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best way to look for a business to buy

Posted: Sun Aug 07, 2011 3:12 pm
by bb
I have been to websites like bizbuysell.com and noticed
that most of the businesses are restaurants, gas stations,
etc. Any opinion on the best way to research businesses
for sale. How are businesses generally sold once you get
beyond restaurants, laundromats, gas stations, small
retail stores, etc. I assume business brokers but don't know
that's why I'm asking.

Re: best way to look for a business to buy

Posted: Sun Aug 07, 2011 4:38 pm
by clacy
bb wrote:I have been to websites like bizbuysell.com and noticed
that most of the businesses are restaurants, gas stations,
etc. Any opinion on the best way to research businesses
for sale. How are businesses generally sold once you get
beyond restaurants, laundromats, gas stations, small
retail stores, etc. I assume business brokers but don't know
that's why I'm asking.
I can't imagine there are many successful businesses that are bought randomly (internet, brokers, etc) but I may be wrong. I would be terrified of buying a business that way. My father bought a business successfully, but he was very familiar with the operator and operations previously. And of course he was in the same industry.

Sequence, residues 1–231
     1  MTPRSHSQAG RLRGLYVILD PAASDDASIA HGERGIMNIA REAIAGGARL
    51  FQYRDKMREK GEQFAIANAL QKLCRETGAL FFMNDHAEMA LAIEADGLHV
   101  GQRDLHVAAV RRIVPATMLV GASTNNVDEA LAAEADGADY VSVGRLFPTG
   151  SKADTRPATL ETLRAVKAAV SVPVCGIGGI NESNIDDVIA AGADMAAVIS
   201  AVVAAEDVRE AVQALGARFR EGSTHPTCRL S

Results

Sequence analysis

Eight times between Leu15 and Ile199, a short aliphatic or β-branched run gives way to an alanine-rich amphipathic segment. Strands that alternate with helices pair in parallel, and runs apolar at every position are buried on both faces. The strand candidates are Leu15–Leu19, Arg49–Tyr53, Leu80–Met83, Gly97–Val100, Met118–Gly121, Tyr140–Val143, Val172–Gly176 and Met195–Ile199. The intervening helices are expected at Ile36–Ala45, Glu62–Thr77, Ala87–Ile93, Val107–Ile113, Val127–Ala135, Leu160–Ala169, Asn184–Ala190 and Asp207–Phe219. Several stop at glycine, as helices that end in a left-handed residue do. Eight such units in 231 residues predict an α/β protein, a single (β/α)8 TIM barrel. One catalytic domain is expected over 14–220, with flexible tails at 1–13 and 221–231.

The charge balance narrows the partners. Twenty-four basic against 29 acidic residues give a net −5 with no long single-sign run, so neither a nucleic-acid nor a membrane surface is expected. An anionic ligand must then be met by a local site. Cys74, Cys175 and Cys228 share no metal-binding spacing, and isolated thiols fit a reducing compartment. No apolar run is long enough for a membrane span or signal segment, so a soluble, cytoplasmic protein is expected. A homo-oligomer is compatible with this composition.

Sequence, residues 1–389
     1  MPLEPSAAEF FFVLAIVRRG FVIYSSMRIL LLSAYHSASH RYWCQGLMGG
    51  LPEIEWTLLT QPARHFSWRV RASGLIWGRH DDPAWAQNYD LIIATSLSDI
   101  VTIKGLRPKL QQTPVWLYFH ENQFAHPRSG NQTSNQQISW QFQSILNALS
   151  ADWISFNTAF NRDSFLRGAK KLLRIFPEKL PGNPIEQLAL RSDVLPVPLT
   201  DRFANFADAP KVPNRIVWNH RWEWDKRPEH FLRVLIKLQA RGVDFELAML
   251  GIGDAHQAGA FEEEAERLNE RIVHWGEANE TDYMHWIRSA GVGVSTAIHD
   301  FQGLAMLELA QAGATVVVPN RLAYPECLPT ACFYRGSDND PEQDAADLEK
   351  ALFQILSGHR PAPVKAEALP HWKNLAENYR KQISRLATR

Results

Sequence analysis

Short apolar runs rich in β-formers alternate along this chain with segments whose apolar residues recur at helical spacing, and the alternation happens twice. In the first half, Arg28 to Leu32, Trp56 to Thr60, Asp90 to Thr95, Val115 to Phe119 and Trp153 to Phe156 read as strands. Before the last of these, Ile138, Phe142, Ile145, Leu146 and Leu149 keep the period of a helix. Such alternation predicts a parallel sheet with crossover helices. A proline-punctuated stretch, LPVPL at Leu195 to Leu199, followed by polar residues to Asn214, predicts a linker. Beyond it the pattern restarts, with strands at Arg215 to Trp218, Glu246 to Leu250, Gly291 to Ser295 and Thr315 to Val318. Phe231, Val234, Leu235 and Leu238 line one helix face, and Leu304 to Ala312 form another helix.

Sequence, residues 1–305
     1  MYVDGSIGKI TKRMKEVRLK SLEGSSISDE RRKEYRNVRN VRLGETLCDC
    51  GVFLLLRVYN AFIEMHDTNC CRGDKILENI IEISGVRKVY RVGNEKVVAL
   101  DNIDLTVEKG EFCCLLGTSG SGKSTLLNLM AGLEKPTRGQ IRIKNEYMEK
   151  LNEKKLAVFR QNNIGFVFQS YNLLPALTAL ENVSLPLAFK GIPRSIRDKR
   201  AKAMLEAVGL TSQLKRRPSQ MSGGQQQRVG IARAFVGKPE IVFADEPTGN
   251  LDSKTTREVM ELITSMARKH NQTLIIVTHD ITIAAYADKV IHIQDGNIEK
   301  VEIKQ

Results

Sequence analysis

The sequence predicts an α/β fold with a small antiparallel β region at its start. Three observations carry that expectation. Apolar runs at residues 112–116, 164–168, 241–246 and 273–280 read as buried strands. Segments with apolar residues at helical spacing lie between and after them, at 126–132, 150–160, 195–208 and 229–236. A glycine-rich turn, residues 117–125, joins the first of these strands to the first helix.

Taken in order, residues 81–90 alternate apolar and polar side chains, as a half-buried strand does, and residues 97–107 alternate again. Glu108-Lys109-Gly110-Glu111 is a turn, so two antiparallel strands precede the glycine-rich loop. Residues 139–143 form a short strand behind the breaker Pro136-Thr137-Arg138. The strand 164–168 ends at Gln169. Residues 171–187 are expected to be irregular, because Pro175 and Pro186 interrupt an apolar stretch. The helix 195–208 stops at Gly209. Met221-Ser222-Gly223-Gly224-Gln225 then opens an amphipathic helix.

Out of curiosity, what kind of business do you envision buying and how much would you spend. I ask strictly our of curiosity.

Also, I would be interested to hear from anyone else that bought a business this way and what your experience was like.

Posted: Sun Aug 07, 2011 6:09 pm
by bb
I can't really answer any of these questions. Service business,
distributor, small company that makes a product, company where
I could transition my technical background. I would like to do
research to see what's out there but all I typically see is small retail
businesses or restaurants. I have no idea what % of businesses
get sold vs passed on to family members but I would have to
assume it is a non-trivial percentage.

Posted: Sun Aug 07, 2011 7:25 pm
by avalpert
You might want to consider a franchise (there is a far broader range than just the fast food joints that are most well known) - and there are plenty of internet sites and organizations that will provide research and guidance in matching a franchise opportunity to your particular needs. Frannet is one for example that can network you with franchise owners near you to better understand the nature of owning that, and any, business.